Oil slips as surge in COVID-19 cases threatens demand
Oil prices slid from nine-month highs on Friday, with soaring COVID-19 cases seen as a threat to near-term fuel demand and a strengthening of the U.S. dollar also having a negative impact, Trend reports with reference to Reuters.
U.S. West Texas Intermediate (WTI) crude futures slipped 14 cents or 0.29%, to $48.22 a barrel at 0757 GMT, while Brent crude futures fell 20 cents, or 0.39%, to $51.30.
More than 73.65 million people have been reported to be infected by the coronavirus globally and 1,654,920 have died, according to a Reuters tally on Friday.
The spike in cases is leading to tough restrictions on travel, impacting fuel demand and any economic recovery.
Meanwhile, there was more evidence that the world’s largest economy’s recovery from the pandemic recession was faltering as data showed the number of Americans filing first-time claims for jobless benefits unexpectedly rose last week.
Both oil contracts had climbed on Thursday, on optimism around progress on a COVID-19 relief bill, strong Asian refining demand and a slide in the dollar to a two-and-a-half year low.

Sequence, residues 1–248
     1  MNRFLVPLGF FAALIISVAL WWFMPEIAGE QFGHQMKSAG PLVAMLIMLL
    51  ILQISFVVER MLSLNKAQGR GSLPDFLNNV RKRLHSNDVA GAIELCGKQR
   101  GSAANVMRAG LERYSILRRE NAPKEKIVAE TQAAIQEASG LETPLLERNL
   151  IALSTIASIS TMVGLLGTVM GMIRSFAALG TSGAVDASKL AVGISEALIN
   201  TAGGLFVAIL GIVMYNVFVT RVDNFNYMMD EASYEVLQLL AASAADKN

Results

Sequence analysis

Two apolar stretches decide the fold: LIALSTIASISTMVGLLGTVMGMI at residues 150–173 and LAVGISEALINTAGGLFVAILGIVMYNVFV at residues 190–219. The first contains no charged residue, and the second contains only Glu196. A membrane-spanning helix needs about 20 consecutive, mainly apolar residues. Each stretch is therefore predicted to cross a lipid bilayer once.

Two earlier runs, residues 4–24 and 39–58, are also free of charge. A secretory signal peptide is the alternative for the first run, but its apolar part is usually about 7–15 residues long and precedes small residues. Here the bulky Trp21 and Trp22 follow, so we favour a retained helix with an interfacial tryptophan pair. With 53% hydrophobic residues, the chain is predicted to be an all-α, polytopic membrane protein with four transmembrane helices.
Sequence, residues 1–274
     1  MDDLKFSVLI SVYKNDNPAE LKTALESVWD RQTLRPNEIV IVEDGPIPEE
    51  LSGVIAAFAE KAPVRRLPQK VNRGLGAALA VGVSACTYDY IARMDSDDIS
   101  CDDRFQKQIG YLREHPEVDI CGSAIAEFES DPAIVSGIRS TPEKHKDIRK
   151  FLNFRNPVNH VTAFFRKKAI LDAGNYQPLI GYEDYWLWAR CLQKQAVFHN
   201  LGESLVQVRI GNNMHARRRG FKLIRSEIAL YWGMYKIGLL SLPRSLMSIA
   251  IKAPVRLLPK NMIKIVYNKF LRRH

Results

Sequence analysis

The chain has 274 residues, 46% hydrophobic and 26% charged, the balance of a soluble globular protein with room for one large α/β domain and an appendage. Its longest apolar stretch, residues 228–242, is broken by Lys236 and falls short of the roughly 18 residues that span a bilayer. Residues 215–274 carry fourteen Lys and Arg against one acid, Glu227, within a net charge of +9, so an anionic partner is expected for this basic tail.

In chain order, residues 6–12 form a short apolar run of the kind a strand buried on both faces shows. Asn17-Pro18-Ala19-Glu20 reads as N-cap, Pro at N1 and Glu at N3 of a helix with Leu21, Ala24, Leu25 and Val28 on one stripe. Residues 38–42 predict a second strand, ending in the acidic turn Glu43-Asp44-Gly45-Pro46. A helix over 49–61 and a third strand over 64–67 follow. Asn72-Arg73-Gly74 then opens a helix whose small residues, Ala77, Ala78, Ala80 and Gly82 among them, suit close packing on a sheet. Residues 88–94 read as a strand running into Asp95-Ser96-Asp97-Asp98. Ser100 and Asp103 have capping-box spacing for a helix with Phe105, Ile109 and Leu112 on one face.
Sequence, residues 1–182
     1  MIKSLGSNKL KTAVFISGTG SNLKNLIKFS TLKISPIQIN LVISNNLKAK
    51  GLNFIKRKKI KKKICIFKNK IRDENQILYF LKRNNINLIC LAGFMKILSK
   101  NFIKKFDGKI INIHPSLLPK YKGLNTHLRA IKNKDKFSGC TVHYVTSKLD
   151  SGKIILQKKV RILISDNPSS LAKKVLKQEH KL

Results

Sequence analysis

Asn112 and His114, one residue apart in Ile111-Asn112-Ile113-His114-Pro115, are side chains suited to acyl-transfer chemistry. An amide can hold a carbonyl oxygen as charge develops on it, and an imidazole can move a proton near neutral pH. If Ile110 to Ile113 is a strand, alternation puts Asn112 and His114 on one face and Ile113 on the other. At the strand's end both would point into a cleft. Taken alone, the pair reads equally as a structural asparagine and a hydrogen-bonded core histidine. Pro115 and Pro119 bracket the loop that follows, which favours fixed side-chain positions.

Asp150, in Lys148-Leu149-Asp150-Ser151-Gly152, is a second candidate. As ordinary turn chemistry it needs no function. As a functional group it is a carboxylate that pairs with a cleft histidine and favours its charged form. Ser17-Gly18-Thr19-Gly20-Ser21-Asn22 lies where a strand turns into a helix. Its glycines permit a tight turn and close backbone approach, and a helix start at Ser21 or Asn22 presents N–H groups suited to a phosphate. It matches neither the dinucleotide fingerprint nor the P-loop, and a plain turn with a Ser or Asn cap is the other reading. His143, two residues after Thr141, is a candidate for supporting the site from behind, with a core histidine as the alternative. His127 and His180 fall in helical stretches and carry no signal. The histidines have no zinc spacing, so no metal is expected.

With crude priced in dollars, a strengthening of the U.S. currency on Friday made oil more expensive for buyers holding other currencies.
“The prospects of (a) stimulus deal and vaccine rollout have largely been digested by market participants and thus been more or less priced in, rendering (the) oil price vulnerable to a pullback when profit taking kicks in,” Margaret Yang, a strategist at DailyFX, said.
ANZ Research said with U.S. COVID-19 infections hitting new daily records, and restrictions tightening in Japan, pressure is growing on the Organization of the Petroleum Exporting Countries (OPEC), Russia and their allies, together called OPEC+.
OPEC+ plans to add 500,000 barrels per day of supply in January, in a first step toward a 2 million bpd target.
“While OPEC+ has shown it’s ready and willing to adapt to evolving market conditions, which should protect crudes value in the longer term, near-term challenges may still weigh on recent bullish momentum,” OANDA analyst Craig Erlam wrote in a note.